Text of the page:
Summary Of Currency Markets For July 21st – July 23rd 2010

Posted by Allison on 27 July 2010, 11:10

Welcome back to another information packed report on what has been happening on the currency markets.  If you will remember, the beginning of last week did not bode well for the British pound.  We lost ground against every single one of the five currencies we check on the currency converter each week.  While some losses were not as big as others, we definitely did not have a good time against any of them.

Hopefully the week will end in much better shape than it started as far as the pound is concerned.  Shall we see whether that pans out to be true?

An overview of the currency markets for July 21st – July 23rd 2010

Let’s begin by looking to see if the pound could regain any ground against the US dollar.  On Tuesday night we finished with an exchange rate of 1.5156, so could we improve on this or would we be in danger of slipping back below the $1.50 rate?

The first result was certainly a good one, as we finished on Wednesday night with a rate of 1.5268.  This slipped slightly the following day to 1.5246 but then on Friday we finished in fine fashion, ending the week on a much healthier 1.5404.

Could we do as well against the Euro though?  Our starting rate here was 1.1800 and just twenty four hours later that had changed to 1.1912.  Once again Thursday had a slip in store and we finished on 1.1865.  But the pound finished strongly on Friday on a rate of 1.1944.  Another good result to add to the one we have already got.

Next it is on to Hong Kong and their dollar – could the pound improve on 11.785?

The same pattern would be followed here with a better rate of 11.870 on Wednesday night, a dip to 11.852 on Thursday and then a rate of 11.968 on Friday.

Let’s see whether this trend can continue against the New Zealand dollar now, as we start from a rate of 2.1384.  Unfortunately it didn’t, as we dropped back to 2.1241 on Wednesday evening and then again to 2.1161 on Thursday.  We clawed back something on Friday but only as far as 2.1190.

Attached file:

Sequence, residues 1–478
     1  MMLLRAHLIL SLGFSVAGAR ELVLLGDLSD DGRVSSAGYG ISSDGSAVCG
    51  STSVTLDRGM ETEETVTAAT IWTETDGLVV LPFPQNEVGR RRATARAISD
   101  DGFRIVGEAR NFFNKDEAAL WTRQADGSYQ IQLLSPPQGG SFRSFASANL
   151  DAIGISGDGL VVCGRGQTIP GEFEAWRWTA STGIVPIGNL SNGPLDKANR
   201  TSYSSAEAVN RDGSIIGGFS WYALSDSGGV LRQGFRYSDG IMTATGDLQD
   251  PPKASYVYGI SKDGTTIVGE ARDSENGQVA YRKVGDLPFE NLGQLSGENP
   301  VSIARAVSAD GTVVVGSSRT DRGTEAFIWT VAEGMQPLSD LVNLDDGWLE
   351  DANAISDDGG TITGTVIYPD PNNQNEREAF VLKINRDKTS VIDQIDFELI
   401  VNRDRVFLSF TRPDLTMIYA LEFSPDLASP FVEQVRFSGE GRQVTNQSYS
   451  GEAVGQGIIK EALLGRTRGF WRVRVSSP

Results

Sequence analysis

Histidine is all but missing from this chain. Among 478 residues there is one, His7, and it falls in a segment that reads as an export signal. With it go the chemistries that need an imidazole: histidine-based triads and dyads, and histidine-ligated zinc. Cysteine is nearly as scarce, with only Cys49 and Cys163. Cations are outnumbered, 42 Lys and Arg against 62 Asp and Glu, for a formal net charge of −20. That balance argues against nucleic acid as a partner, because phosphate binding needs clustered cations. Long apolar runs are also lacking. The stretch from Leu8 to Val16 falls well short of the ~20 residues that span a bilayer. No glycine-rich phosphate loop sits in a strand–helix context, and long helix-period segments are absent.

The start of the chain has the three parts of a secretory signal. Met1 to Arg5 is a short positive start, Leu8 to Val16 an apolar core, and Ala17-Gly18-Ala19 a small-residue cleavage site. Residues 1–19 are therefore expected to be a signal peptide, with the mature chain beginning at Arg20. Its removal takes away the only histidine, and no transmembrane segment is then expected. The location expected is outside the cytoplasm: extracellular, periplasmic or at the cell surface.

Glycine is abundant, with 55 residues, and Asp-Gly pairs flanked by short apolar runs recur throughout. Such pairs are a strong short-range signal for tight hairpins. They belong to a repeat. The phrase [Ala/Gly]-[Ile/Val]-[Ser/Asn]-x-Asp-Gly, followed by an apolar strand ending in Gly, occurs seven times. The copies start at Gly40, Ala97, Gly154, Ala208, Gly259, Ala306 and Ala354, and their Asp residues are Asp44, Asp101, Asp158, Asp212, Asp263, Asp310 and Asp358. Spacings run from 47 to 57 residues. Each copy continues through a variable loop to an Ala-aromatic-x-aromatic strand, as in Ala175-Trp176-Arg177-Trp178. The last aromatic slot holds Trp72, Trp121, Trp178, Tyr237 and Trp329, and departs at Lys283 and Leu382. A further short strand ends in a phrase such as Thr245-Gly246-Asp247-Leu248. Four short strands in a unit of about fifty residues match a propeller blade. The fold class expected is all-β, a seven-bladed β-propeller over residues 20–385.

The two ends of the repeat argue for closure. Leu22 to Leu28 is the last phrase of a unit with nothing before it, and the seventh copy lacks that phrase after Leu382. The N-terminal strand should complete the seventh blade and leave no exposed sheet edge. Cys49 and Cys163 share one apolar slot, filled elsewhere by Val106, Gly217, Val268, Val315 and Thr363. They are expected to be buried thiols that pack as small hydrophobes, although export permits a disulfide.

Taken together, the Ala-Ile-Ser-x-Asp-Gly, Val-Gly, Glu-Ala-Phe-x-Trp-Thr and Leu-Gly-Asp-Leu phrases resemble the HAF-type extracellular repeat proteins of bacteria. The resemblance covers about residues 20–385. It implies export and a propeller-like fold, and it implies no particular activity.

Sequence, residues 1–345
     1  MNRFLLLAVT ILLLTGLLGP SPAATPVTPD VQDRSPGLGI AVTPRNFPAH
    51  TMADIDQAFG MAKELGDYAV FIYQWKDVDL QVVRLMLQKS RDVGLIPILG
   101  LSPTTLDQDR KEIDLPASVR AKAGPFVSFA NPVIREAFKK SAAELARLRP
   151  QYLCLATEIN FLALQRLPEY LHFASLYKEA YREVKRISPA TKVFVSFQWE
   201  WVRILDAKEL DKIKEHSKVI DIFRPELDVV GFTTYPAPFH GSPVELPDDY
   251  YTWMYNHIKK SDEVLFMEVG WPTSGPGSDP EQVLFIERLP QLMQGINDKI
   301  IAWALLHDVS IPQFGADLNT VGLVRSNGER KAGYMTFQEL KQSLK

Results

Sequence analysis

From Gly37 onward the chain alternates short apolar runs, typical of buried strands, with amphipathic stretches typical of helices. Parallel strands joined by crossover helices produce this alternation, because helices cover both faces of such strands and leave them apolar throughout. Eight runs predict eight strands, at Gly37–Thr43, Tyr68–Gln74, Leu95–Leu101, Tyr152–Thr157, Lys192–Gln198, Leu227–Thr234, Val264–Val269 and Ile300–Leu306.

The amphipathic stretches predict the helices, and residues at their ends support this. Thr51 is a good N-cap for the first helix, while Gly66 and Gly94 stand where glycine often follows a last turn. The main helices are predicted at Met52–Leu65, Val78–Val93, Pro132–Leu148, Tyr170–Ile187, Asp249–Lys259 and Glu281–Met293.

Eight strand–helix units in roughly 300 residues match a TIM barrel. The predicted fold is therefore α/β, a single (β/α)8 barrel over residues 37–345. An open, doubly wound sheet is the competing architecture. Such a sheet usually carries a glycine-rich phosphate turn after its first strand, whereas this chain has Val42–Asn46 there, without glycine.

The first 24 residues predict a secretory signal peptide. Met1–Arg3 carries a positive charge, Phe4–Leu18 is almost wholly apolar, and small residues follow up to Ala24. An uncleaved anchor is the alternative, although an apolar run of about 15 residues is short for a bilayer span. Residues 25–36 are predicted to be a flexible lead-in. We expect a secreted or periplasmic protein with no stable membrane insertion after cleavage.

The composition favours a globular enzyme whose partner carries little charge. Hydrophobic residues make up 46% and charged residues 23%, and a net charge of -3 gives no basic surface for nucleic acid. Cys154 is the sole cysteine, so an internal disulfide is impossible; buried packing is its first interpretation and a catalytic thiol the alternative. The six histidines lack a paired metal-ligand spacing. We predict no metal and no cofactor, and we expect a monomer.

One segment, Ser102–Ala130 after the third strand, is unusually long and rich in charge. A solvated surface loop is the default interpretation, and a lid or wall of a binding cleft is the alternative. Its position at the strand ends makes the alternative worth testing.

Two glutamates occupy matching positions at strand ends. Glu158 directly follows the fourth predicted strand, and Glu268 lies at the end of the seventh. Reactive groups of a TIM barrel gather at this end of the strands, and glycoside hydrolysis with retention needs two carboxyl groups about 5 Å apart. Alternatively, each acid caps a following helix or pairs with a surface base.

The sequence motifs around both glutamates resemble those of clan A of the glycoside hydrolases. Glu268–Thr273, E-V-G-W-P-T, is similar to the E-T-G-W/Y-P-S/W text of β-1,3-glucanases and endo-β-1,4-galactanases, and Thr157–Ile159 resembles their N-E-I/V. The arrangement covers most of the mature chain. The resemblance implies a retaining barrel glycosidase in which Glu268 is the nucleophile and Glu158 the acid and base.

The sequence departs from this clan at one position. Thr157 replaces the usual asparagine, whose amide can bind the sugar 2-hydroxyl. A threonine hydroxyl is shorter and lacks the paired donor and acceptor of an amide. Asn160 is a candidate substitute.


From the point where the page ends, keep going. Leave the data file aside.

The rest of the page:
Finally we have Australia to look at, where the pound finished on 1.7367 last time.  The problem was the pattern against the New Zealand dollar looked to be repeated again here, as we fell back to 1.7257 initially.  This was followed by a drop to 1.7176 the next day, and it closed out the week on 1.7232.

So it was a better end to the week in some quarters, but not in all of them.

Notable events in the world of currency

Swiss currency dips against Aussie dollar

From a rate of 1.0872 on Wednesday evening, the Swiss franc closed out the week on a lower rate of 1.0696.

Aussie dollar does well against the US dollar

The second half of the week saw a good amount of progress for the Aussie dollar.  It went from 0.8726 on Wednesday morning to 0.8939 on Friday night.

Euro drops against the New Zealand dollar

It wasn’t such a good time for the Euro though, as it fell from 1.8122 to 1.7741 over those same three days.

As you can see from the results above, it was certainly a mixed week of news on the currency markets last week.  It could certainly have been worse for the pound, although the week could have ended on a stronger note as well.

A fascinating story was revealed on the Bloomberg site at the end of last week, concerning Hungary.  You can read the story here.  One of the results of this news is that Hungary’s currency has fallen once again; it has been in some trouble over recent months and this next stage has not done it any favours at all.

We shall have to wait and see whether things change in any way for Hungary over the next few months.  It is just this kind of news that can lead to a currency falling on the markets though, a fact which Hungary’s government is no doubt painfully aware.  We will be back with more updates in a few days.



  1. So it was a mixed week in the money markets then. I am not surprised since the British pound does tend to have a good run against some currencies rather than others. Anyone looking to invest in currencies at the moment would have to think twice about looking at some of the ones listed in the report above. I suppose it all depends on whether you want to invest in currencies that are currently on the back foot.

    For instance the New Zealand dollar and the Australian dollar are both doing better than the British pound at the moment when you look at these two currencies together. Would you buy in this situation or wait until the pound starts looking more promising again? And would you know when to do it?

    — CShort · Jul 28, 08:54 PM · #